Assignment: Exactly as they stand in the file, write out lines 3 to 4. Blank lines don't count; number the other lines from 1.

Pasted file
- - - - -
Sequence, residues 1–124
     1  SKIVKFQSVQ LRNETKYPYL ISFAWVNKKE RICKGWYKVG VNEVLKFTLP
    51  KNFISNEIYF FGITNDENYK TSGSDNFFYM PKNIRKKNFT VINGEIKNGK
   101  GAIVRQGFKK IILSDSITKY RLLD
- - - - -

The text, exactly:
    51  KNFISNEIYF FGITNDENYK TSGSDNFFYM PKNIRKKNFT VINGEIKNGK
   101  GAIVRQGFKK IILSDSITKY RLLD